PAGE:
from The Mabinogion, translated by Jeffrey Gantz.
Arthur then said, 'Chieftain, I have heard nothing of this girl, nor of her parents, but I will gladly send messengers to learn of her.' That night messengers set out, and when at the end of a year they had found nothing Culhwch said, 'Everyone else has obtained his request but I am still waiting. I will leave, and bear your shame with me.' 'Chieftain, you are not fair to Arthur,' said Kei. Come with us - until you say that the girl does not exist or until we find her we will not leave you.' Kei rose then. He had this talent: nine days and nine nights his breath would last under water, and nine days and nine nights he could go without sleep. No doctor could cure the wound from Kei's sword. He could be as tall as the tallest tree in the forest when he pleased, while when the rain was heaviest a hand's span about what was in his hand would be dry by reason of the heat he generated, and when his companions were coldest that would be kindling for the lighting of a fire.
Arthur also summoned Bedwyr, who never avoided any errand on which Kei went. No one in the island was as handsome as Bedwyr, save only Arthur and Drych son of Kibddar, and though he was one-handed no three warriors on the same field could draw blood faster than he; moreover he would make one thrust with his spear and nine counter-thrusts. Arthur called upon Kynddilig the Guide, saying, 'Accompany the chieftain on this errand,' for Kynddilig was no worse guide in a country he had never seen than in his own; he summoned Gwrhyr Interpreter of Languages, who knew every tongue, and Gwalchmei son of Gwyar, since the latter never returned without fulfilling his errand, and was moreover the best walker and rider, and was Arthur's nephew, his sister's son and his first cousin as well. Finally Arthur summoned Menw son of Teirwaedd, for if they came to a pagan land Menw could cast a spell through which they could see everyone and no one could see them.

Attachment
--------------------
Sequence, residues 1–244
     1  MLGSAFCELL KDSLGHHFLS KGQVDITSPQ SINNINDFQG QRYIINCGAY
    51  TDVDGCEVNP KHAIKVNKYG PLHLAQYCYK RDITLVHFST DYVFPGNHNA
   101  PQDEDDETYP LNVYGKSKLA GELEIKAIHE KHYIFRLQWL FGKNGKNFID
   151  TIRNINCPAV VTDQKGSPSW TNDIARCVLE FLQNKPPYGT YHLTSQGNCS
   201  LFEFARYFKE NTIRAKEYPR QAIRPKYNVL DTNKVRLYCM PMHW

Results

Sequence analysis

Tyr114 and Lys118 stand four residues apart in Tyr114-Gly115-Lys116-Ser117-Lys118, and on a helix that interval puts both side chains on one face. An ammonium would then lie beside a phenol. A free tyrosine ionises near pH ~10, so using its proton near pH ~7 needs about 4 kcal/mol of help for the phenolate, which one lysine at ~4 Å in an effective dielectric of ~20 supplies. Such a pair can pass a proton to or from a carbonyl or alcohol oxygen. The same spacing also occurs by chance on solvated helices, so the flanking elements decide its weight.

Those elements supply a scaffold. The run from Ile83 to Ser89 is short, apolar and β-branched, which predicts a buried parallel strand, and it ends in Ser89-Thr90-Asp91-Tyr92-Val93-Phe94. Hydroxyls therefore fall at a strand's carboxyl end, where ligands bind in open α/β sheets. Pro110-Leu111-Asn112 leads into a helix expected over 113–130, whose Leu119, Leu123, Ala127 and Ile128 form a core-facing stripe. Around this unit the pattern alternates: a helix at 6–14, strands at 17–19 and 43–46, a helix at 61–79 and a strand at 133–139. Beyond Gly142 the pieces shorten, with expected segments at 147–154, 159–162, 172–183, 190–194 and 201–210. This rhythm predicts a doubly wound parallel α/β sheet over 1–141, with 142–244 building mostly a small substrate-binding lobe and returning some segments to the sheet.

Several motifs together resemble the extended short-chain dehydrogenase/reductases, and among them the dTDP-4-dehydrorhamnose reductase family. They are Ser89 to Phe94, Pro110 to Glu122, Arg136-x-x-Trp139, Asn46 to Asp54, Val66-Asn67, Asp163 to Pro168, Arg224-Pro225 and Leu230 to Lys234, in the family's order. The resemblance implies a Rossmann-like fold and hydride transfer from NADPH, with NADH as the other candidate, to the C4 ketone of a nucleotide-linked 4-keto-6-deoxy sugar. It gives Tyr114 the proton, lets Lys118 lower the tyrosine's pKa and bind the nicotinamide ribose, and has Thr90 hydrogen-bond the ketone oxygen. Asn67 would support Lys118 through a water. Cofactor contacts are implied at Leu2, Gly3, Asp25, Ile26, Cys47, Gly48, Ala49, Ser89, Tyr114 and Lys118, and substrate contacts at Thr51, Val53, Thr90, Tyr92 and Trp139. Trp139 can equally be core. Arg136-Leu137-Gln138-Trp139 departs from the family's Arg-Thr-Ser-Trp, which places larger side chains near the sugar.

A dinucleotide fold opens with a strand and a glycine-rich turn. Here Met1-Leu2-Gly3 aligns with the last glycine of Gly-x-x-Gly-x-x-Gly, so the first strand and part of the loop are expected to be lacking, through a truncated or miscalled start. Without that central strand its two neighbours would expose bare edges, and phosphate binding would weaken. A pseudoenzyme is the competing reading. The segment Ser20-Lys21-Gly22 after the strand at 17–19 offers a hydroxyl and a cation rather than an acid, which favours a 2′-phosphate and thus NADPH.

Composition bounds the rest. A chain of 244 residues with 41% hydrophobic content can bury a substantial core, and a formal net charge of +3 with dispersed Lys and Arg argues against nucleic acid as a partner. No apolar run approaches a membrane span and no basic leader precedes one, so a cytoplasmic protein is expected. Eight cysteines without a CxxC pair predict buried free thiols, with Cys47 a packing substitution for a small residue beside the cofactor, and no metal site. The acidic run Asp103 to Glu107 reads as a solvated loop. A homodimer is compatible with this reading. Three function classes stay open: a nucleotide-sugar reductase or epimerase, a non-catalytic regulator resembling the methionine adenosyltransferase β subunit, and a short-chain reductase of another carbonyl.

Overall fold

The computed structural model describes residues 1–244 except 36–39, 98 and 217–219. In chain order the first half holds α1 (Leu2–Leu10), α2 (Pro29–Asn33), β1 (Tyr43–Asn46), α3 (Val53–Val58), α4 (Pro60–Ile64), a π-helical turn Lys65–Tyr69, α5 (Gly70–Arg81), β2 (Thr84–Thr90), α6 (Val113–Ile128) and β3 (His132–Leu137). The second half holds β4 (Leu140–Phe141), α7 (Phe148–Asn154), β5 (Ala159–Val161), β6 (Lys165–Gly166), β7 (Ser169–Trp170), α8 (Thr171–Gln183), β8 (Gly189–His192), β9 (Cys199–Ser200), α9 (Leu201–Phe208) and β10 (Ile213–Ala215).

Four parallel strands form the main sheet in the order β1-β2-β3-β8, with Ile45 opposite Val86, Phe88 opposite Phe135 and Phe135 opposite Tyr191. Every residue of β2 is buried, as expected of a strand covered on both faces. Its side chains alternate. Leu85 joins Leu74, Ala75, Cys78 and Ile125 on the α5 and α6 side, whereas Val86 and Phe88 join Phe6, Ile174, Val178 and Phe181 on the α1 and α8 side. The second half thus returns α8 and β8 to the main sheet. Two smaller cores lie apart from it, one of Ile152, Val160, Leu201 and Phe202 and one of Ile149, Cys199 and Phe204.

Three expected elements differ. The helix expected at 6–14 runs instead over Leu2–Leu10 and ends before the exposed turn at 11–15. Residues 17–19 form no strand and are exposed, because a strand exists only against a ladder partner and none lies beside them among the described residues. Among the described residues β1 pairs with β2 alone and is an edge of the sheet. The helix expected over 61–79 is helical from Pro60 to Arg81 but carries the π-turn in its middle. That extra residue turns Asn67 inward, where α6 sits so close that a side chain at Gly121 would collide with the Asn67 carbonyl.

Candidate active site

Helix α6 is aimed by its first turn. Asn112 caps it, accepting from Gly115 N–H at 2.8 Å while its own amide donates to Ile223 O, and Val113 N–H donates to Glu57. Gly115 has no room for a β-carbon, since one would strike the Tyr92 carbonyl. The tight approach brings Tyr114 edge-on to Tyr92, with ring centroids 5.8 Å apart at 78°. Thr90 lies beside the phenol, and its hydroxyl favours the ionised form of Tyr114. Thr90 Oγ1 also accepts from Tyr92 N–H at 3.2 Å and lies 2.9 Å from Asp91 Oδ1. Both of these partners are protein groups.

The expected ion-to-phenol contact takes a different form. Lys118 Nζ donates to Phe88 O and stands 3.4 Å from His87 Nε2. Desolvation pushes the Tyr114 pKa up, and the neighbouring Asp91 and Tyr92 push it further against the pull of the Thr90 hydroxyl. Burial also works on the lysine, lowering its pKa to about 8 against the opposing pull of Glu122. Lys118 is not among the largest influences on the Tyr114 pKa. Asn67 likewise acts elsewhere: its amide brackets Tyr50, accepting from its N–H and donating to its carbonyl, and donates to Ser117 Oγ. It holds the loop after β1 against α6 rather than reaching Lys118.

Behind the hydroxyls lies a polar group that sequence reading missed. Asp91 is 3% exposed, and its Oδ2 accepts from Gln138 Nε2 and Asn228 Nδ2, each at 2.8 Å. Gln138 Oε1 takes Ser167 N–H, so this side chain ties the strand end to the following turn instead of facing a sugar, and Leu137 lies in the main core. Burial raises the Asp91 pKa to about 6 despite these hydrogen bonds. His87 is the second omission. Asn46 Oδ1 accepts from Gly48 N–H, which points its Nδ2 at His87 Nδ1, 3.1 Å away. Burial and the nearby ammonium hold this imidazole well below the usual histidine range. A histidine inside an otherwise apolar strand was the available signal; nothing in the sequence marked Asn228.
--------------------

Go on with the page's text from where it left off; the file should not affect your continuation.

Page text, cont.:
This party rode out until they reached a great level plain and saw a fortress, the strongest one ever. They journeyed throughout the day, and when they expected to reach the fortress they were no nearer than at first; yet as they travelled along the plain they could see a great flock of sheep with neither end nor limit to it, and a shepherd watching form the top of a mound, a cloak of skins on him, and a shaggy mastiff at his side, larger than a nine-year-old stallion. He had never lost a lamb, much less a sheep, nor did there pass him any company which he did not harm or wound mortally, for his breath had burned every dead tree and bush on the plain to the ground.
Kei said to Gwrhr Interpreter of Languages, 'Go and talk to that man over there.' 'Kei, I never promised to go any farther than you did, so let us go together,' said Gwrhyr, and Menw son of Teirwaedd said, 'Do not worry - I will put a spell on the dog so that it harms no one.' They approached the shepherd and said, 'You are well off, shepherd.' 'May you never be better off than I,' was the reply. 'By God, because you are the head man.' 'Apart from my wife, no wound annoys me.' 'Whose sheep are you tending, and whose is the fortress?' 'Everyone knows that this is the fortress of Chief Giant Ysbaddaden.' 'And who are you?' 'Custenhin son of Mynwyedig, and because of my wife Chief Giant Ysbaddaden has ruined me. And who are you?' 'Messengers of Arthur who have come for Olwen' 'God protect you, men - for all the world, do not say that, for no one who made that request has ever left here alive.'